Academic journal article Social Justice

Reflections on Environmental Justice: Children as Victims and Actors

Academic journal article Social Justice

Reflections on Environmental Justice: Children as Victims and Actors

Article excerpt

IN RADICAL ECOLOGY, CAROLYN MERCHANT (1992) ARGUES FORCEFULLY THAT THE modern world's dominant norms of production, social relations, and ideology are resulting in an accumulation of ecological stresses on the air, water, soil, and diverse life forms, as well as on the capacity of human societies to maintain and reproduce themselves over time. Although these ecological stresses are a result of globally articulated processes, she notes, they are "experienced differently in the First, Second, and Third Worlds and by people of different races, classes, and sexes" (Ibid.: 10). This is also true, she might have added--but tellingly did not--of people of different ages.

Merchant's important insights--that environmental risks are experienced differently by different groups and, moreover, that they are borne disproportionately by those groups that are already the most socially, politically, and economically vulnerable--are core concepts in the rapidly proliferating literature on "environmental justice." (See, for example, Bryant, 1995; Bullard, 1994; and Hofrichter, 1993b.) The concept has been developed during the last decade by theorists and activists, largely in the United States, to describe what many regard as a qualitatively new sort of grass-roots environmental movement, linking concerns with social justice to concerns about environmental quality. This linkage has important implications for how people perceive environmental problems and for the practical responses they develop to address these problems. Here I wish to argue that the term "environmental justice" has been developed in distinctive ways in the context of U.S. culture and politics, and that this context has significantly affected the nature of environmental justice theory and its usefulness in other contexts.

Since 1992, I have been involved in the development of an international, interdisciplinary "Children and Environment" research program and network, based at the Norwegian Centre for Child Research in Trondheim, Norway. (See Stephens, 1994.) Because of the magnitude and seriousness of environmental risks to children in Eastern Europe and the former USSR, the Centre has been particularly concerned with developing a network of relations with researchers and activists in these regions. When I first encountered the notion of environmental justice, I felt there was great potential here for providing powerful theoretical and practical tools to address the special environmental vulnerability of children and to illuminate distinctive constellations of risks in particular world regions. Significantly, however, references to children of the former USSR are almost entirely absent from the existing environmental justice literature. I suggest that the neglect of these topics can be linked to a particular construction of "community"--one that is in some respects distinctively American and is dominant within the environmental justice movement. This is a view of community that tends to make children invisible, as a special class of victims and especially as actors. It is also a view of community that poses formidable obstacles to international coalition building.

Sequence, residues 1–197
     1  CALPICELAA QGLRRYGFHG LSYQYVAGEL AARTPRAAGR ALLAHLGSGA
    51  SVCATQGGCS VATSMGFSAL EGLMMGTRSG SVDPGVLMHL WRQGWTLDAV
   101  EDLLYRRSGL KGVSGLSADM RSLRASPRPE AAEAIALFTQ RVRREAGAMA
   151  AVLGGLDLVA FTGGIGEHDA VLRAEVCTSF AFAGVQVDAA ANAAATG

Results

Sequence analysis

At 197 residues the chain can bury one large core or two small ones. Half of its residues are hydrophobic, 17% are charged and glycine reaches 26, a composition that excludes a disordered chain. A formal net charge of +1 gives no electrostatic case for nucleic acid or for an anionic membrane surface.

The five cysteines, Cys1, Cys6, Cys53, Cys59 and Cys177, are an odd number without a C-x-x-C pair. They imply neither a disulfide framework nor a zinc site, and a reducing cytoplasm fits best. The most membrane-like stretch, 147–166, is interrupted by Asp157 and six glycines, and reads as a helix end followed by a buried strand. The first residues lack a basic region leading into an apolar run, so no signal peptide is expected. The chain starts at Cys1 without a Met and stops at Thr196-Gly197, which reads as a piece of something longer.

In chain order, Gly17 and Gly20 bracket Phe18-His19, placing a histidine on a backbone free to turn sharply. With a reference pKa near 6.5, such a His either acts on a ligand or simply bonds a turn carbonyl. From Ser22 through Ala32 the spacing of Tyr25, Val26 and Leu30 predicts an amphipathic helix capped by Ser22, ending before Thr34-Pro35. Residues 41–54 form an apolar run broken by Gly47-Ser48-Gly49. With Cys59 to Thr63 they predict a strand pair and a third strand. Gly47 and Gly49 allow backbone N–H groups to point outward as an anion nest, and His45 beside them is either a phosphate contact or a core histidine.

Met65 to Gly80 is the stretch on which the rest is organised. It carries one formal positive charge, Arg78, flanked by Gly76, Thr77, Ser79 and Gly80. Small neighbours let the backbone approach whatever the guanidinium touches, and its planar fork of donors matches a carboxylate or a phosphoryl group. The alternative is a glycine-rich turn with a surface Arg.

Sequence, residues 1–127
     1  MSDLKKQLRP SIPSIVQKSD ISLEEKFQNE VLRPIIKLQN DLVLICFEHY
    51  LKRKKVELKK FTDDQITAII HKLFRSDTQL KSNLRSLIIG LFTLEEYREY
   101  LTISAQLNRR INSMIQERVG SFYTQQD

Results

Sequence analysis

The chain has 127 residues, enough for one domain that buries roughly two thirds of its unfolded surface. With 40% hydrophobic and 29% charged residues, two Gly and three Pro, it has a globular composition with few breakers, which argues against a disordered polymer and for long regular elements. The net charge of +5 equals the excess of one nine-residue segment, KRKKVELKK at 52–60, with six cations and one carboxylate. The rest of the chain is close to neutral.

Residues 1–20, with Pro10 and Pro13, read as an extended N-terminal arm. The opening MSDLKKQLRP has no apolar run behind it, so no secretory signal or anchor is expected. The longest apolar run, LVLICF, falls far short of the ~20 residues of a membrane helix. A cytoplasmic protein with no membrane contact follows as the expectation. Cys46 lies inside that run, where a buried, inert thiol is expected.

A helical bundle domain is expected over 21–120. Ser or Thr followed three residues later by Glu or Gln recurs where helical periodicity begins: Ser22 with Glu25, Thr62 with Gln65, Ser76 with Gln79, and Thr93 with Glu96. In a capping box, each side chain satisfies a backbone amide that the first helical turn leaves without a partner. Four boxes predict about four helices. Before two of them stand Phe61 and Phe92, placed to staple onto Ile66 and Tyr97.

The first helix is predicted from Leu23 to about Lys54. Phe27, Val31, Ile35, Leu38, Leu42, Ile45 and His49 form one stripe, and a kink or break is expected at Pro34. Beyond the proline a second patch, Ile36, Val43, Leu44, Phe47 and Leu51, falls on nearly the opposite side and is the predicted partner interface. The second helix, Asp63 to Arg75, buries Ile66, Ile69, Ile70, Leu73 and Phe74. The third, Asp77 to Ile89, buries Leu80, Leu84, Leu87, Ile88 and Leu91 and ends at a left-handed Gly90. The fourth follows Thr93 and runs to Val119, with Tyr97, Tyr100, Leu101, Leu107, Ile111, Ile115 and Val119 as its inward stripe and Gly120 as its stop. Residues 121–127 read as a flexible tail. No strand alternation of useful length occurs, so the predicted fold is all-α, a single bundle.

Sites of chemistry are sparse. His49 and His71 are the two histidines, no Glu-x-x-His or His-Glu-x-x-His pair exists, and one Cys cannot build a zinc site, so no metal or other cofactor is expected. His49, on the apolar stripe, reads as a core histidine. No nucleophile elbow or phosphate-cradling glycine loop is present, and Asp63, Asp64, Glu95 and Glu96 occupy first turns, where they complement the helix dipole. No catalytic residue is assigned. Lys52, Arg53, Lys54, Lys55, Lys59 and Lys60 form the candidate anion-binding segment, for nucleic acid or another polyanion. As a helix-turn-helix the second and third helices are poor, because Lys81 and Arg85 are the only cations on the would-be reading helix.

This article begins with a brief discussion of the history of the environmental justice movement and of the reasons why race, ethnicity, class, and occupation (and, to lesser and problematic extents, geopolitical location and gender) are theorized in the literature, while age is ignored as a significant dimension of environmental justice thinking. (My focus here is on children, but this discussion could be productively extended to include the special environmental vulnerabilities of the elderly as well.) I then discuss ways in which perspectives on children as a distinctive environmental "special interest group" offer important possibilities for developing a more inclusive and effective environmental justice movement, both within the United States and internationally.

Environmental Justice Theory: The U. …

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